GM cutting 50 jobs at U.S. battery plant tied to Chevy Volt
By David Shepardson WASHINGTON (Reuters) - General Motors Co said on Tuesday it plans to cut 50 jobs at a suburban Detroit lithium-ion battery assembly plant after the largest U.S. automaker announced last month it will end production of its plug-in hybrid Chevrolet Volt in 2019. In a filing with the state of Michigan, GM disclosed it will cut 37 hourly jobs and 13 salaried jobs in February at its Brownstown Battery plant.
By David Shepardson
WASHINGTON (Reuters) - General Motors Co said on Tuesday it plans to cut 50 jobs at a suburban Detroit lithium-ion battery assembly plant after the largest U.S. automaker announced last month it will end production of its plug-in hybrid Chevrolet Volt in 2019.
In a filing with the state of Michigan, GM disclosed it will cut 37 hourly jobs and 13 salaried jobs in February at its Brownstown Battery plant. GM says on its website the plant has 116 employees.
The plant also assembles lithium-ion batteries for other vehicles that GM is ending production including a hybrid electric Buick LaCrosse.
The job reductions at the Brownstown plant are in addition to cuts GM announced last month. The Detroit automaker said it would end production at five plants in North America, including four in the United States, and eliminate up to 15,000 jobs. GM is cutting production of six cars: the Volt, LaCrosse, Chevrolet Impala, Chevrolet Cruze, Cadillac CT6 and Cadillac XTS.
GM said last week it will offer jobs at other assembly plants to 2,800 active hourly workers who work at the plants ending production in Michigan, Ohio and Maryland.
In a separate notice posted on Tuesday, GM said it will lay off nearly 700 people in February at its Detroit-Hamtramck plant that is scheduled to halt production next year. The plant will end production of the Buick LaCrosse and Chevrolet Volt by March 1 and two other cars by June.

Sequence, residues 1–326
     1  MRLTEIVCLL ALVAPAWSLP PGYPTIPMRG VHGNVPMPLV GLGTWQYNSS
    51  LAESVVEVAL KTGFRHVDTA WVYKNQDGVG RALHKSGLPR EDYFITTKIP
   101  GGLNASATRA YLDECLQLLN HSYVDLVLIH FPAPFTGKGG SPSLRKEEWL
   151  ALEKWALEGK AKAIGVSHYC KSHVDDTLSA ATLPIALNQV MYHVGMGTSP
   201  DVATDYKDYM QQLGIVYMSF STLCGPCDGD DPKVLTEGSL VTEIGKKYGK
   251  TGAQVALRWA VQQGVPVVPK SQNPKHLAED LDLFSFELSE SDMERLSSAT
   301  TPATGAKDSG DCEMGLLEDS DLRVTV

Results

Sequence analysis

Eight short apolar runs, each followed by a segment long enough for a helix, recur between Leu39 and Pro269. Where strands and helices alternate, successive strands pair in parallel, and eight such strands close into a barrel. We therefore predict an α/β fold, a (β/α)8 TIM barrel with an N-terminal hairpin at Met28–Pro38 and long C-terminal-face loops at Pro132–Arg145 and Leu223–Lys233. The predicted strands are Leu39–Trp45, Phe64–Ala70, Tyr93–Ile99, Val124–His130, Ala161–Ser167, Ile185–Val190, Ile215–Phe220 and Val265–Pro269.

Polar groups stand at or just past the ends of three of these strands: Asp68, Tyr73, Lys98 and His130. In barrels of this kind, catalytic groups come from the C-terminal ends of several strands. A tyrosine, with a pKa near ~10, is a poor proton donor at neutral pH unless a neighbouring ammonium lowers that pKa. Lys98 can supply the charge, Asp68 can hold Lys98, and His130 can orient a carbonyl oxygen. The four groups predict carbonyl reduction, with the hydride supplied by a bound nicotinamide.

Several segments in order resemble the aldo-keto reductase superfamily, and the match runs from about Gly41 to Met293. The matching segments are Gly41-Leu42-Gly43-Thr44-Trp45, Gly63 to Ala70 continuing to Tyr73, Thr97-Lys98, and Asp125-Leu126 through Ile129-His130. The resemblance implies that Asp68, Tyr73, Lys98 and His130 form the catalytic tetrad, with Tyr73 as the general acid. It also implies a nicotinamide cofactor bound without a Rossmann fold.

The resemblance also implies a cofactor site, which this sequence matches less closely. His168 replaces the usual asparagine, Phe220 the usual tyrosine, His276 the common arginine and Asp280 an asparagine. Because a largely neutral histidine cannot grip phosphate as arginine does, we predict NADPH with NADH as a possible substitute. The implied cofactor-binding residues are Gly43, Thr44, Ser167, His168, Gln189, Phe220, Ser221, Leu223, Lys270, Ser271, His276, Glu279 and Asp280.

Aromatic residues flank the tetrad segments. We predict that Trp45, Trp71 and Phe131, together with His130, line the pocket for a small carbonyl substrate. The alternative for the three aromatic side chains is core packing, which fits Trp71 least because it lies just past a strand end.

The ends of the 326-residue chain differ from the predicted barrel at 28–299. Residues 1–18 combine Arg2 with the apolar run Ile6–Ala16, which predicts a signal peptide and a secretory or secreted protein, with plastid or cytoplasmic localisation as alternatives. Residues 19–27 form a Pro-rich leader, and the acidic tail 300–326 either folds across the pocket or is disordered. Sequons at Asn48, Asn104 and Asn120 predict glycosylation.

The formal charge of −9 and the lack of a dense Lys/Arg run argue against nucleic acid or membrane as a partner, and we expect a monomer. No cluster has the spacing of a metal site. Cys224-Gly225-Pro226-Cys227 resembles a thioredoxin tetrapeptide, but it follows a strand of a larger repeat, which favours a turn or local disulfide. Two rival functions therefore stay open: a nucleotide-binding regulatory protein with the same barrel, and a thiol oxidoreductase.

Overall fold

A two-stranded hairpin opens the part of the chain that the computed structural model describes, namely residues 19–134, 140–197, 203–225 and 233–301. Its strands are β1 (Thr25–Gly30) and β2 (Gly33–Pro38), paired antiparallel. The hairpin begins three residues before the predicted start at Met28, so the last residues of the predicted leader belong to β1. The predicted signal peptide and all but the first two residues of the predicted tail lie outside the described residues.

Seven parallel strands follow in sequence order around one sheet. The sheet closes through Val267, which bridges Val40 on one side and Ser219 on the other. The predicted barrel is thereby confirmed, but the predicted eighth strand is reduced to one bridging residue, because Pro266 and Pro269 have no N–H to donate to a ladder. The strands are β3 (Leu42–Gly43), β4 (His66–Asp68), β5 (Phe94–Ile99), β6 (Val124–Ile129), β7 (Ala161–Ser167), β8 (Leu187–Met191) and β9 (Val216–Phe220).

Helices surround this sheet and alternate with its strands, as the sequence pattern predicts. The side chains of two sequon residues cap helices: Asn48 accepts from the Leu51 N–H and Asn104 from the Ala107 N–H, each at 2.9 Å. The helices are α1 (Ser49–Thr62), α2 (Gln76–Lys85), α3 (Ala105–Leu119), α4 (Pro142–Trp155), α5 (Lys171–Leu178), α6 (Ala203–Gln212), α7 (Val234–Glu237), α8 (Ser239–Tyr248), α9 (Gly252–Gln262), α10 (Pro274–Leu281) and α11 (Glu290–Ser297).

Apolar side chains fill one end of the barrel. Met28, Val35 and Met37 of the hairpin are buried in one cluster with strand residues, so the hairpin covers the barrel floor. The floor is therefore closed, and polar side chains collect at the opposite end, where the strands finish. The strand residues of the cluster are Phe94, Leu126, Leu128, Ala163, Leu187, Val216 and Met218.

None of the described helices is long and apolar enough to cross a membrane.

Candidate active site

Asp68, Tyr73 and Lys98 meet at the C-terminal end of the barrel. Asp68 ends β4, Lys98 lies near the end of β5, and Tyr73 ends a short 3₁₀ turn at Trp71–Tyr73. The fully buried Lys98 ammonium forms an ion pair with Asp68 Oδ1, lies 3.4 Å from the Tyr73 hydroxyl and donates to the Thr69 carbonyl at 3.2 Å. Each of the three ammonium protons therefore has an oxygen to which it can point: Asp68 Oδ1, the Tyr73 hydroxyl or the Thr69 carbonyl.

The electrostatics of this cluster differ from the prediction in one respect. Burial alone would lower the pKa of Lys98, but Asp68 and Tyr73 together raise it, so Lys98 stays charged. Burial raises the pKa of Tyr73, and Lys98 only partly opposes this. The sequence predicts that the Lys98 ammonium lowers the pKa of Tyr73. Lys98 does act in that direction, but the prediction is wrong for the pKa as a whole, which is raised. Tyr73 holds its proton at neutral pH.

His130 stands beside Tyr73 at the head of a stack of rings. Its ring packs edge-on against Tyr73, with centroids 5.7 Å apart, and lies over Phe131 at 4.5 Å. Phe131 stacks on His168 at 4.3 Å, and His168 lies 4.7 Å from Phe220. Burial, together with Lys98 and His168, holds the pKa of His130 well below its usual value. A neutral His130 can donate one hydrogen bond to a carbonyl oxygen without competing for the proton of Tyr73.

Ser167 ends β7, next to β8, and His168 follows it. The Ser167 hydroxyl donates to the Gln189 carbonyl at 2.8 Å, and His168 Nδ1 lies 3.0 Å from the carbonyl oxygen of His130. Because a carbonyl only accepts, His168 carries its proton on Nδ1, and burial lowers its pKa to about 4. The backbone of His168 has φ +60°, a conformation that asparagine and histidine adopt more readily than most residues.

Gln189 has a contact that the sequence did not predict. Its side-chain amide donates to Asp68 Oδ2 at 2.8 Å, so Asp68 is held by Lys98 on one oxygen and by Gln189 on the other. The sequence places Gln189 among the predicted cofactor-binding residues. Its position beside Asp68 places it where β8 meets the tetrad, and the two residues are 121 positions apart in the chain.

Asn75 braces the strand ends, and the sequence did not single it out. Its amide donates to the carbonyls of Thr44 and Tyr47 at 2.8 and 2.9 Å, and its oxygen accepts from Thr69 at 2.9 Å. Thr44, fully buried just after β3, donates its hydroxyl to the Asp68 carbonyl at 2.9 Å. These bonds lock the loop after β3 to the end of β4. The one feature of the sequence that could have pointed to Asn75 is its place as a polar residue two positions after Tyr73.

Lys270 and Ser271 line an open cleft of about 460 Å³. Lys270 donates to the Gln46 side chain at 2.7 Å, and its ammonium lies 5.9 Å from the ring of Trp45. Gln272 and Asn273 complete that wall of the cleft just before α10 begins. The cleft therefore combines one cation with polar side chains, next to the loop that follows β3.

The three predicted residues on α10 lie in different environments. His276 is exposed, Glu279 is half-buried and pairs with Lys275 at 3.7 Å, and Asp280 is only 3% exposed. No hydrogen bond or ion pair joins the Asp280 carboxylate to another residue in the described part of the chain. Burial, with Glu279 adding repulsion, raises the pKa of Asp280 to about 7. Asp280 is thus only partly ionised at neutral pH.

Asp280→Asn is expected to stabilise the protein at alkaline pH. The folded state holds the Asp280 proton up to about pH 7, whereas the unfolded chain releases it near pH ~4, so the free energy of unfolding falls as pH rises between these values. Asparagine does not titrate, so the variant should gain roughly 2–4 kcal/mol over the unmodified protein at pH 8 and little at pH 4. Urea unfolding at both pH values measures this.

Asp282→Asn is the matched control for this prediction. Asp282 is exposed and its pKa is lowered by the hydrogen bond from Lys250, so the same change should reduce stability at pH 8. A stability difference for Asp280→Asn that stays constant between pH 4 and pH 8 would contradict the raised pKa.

GM is cutting 15 percent of its 54,000 North American salaried workforce and plans to lay off thousands of white-collar workers in January after some workers agreed to incentives to depart voluntarily.
(Reporting by David Shepardson; Editing by Phil Berlowitz)
This story has not been edited by Firstpost staff and is generated by auto-feed.
Find latest and upcoming tech gadgets online on Tech2 Gadgets. Get technology news, gadgets reviews & ratings. Popular gadgets including laptop, tablet and mobile specifications, features, prices, comparison.
MOSCOW (Reuters) - Russian President Vladimir Putin said on Wednesday he had noted what he called "sharp anti-Russian rhetoric" from U.S. Democratic presidential candidate Joe Biden, but that he had been encouraged by Biden's comments on arms control. Putin, in comments on state television ahead of the U.S.
By John Irish and Robin Emmott PARIS/BRUSSELS (Reuters) - France and Germany said on Wednesday they would propose European Union sanctions against Russian individuals after receiving no credible answers from Moscow over the poisoning of Kremlin critic Alexei Navalny with a nerve agent. Several Western governments have said Russia, which has denied accusations by Navalny that it was involved in the poisoning, must help in investigations or face consequences. The decision and speed with which Europe's two main powers agreed to push ahead with sanctions suggests a hardening of the bloc's diplomacy towards Moscow.
By Steve Holland WASHINGTON (Reuters) - U.S. President Donald Trump, under coronavirus quarantine in the White House and restricted from traveling, is seeking ways to put a spark back in his struggling re-election bid and get behind his desk in the Oval Office with four weeks left until Election Day.